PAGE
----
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What's the difference between amps, watts and volts?

Science Concept: Volts, Watts, and Amps

Electricity is measured in terms of amperage, voltage, and
wattage. Amperage (amps for short) is a measure of the
AMOUNT of electricity used. Voltage (volts) measures the
pressure, or FORCE, of electricity. The amps multiplied by
the volts gives you the wattage (watts), a measure of the
WORK that electricity does per second.
Think of it this way: Electricity flowing through a wire is like water flowing through a
garden hose. The amount of water that can fit through the hose depends on the
diameter of the hose (amps). The pressure of the water depends on how far open
the faucet is (volts). The amount of work that can be done (watts) depends on both
the amount and the pressure of the water (volts x amps = watts).

Voltage is like the pressure in a garden hose with a hand operated spray nozzle at
the end.

Even when the nozzle is turned off there's still pressure in the garden hose. Even when a
light is switched off there's still voltage in the energized portion of the circuit.

Current is like the rate of flow of water in the garden hose, say how many gallons
per minute are moving in the hose. When the nozzle is turned off, there's still
pressurized water in the hose, but there's no flow.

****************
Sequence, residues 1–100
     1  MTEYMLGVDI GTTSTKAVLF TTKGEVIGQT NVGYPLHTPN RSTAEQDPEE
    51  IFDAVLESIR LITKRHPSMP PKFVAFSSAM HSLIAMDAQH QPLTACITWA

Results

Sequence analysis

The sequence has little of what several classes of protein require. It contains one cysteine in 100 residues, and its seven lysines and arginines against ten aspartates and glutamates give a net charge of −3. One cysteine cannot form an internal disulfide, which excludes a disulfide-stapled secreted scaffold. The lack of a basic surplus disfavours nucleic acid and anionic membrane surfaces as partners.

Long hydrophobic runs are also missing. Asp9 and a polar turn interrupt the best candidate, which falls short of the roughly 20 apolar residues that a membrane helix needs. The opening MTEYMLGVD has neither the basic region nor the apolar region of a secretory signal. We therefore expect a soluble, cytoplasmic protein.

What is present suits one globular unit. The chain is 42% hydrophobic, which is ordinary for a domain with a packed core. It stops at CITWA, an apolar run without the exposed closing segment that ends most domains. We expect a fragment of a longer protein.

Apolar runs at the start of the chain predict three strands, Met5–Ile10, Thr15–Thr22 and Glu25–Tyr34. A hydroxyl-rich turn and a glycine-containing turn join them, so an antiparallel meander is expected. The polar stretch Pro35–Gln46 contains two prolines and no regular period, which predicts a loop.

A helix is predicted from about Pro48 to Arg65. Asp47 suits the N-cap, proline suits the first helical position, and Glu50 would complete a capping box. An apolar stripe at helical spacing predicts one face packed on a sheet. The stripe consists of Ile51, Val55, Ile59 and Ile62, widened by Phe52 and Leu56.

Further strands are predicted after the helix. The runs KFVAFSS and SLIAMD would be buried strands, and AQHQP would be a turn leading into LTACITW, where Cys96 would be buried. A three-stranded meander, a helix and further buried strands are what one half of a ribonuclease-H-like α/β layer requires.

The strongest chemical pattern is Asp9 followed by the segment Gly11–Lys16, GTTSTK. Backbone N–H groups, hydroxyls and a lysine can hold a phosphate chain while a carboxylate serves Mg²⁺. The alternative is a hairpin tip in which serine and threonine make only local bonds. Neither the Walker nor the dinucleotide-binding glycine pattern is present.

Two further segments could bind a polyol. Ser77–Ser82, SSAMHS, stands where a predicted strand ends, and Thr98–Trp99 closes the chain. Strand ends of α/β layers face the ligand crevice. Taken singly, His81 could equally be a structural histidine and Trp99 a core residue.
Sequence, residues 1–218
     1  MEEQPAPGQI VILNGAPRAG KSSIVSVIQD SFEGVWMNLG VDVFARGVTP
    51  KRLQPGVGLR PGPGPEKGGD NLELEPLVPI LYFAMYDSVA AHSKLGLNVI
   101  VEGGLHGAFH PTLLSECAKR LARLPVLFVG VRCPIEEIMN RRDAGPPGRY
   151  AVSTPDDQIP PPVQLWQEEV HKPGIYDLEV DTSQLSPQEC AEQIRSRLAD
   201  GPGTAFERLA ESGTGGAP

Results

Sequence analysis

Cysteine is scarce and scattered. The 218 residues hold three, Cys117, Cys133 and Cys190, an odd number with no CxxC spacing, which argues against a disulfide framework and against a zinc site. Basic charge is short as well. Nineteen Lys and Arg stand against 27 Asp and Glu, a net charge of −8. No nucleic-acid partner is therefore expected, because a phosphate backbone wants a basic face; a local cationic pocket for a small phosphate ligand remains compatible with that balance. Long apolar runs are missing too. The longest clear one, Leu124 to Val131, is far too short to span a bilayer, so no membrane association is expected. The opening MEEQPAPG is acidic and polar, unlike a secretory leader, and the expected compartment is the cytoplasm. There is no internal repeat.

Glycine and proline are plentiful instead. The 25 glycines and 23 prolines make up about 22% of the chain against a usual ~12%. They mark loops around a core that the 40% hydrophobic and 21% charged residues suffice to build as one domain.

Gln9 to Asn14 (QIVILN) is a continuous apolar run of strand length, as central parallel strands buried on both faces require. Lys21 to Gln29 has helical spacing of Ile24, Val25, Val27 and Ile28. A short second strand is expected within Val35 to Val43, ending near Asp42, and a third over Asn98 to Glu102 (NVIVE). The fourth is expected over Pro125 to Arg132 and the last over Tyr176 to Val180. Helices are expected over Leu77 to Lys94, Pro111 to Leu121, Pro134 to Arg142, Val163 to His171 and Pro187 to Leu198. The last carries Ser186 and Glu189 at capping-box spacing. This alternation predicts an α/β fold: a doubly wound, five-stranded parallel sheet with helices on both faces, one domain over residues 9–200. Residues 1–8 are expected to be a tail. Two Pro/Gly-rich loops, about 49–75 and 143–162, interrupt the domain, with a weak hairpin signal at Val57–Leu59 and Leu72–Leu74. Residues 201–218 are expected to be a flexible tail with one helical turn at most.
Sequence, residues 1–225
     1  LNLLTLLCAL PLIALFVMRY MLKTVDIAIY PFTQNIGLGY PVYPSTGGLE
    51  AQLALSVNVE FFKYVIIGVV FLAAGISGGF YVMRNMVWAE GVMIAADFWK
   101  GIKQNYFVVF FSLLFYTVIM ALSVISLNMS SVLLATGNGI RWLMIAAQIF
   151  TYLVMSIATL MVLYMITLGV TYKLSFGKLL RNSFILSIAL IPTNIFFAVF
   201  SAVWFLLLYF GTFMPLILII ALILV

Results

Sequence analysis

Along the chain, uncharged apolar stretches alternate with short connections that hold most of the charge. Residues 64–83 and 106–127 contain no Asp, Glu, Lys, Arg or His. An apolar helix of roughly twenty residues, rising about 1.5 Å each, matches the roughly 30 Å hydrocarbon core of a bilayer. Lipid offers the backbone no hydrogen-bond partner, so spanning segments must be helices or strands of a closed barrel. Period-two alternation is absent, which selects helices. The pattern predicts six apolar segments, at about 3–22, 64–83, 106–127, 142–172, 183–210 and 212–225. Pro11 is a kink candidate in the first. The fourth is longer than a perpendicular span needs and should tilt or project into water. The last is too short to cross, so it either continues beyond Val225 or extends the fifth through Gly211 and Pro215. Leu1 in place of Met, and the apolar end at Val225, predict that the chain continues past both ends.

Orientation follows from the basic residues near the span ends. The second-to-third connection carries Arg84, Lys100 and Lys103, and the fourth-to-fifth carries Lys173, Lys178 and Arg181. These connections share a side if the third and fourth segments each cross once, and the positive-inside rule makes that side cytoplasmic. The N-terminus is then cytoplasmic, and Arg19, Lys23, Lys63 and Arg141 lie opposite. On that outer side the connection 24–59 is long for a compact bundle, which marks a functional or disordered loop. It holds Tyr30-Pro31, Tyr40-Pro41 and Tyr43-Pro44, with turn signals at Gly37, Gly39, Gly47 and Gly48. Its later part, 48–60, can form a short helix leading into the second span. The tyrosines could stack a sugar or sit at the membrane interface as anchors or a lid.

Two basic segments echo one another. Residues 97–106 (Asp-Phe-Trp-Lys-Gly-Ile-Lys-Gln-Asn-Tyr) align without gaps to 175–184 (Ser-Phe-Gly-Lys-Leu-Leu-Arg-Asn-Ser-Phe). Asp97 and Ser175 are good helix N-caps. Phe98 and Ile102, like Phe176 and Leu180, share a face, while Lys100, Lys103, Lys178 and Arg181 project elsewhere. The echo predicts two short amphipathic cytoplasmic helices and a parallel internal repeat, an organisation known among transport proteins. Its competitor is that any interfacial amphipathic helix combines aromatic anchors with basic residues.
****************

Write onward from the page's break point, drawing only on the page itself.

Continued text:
When a light is turned off the electrons are still in the wire, but they aren't flowing -there's no current.
Power is like the product of pressure and flow rate. If you were spraying the water
into a bucket, it's like a measure of how quickly the bucket is filling up.
If you have a big hose with lower pressure, or a small hose with high pressure, you may
have the bucket filling at the same rate (if the numbers are right).
Electrical power is the product of voltage and current, and it's measured in

You could have a light bulb operating at 50 volts and 2 amps of current...
50 volts x 2 amps = 100 watts

You could have another light bulb operating at 25 volts and 4 amps of current.
25 volts x 4 amps = 100 watts
Even though the light bulbs have slightly different construction and are hooked to
different energy supplies, both would be burning 100 watts of power, and both would
have the same brightness.
Volts times Amps equals Watts.

Your UK electric heater:

240v x 10A = 2400W

Your US electric heater:

120v x 20A = 2400w

These heaters have the same output heat. The electricity does the same amount of work.

Volts: the difference between the two sides of a circuit. Big difference = big volts.
Electricity at a high voltage will be pushed cross great air gaps. 'Static' electric charges
are an example of this: they jump, but they won't kill you ordinarily. High voltage, low
watts (milliwatts).

Watts: Basic units of 'work' or effort.

Steam engines and Lance Armstrong's legs (~525w) can be measured in watts or
kilowatts; it doesn't have to be electricity.

An example from my experience: High voltage neon transformers produce 12,000 volts
at 30 milliamps; 360 watts. A fairly bright light output.
This will create a spark that will stretch to an inch or three once started.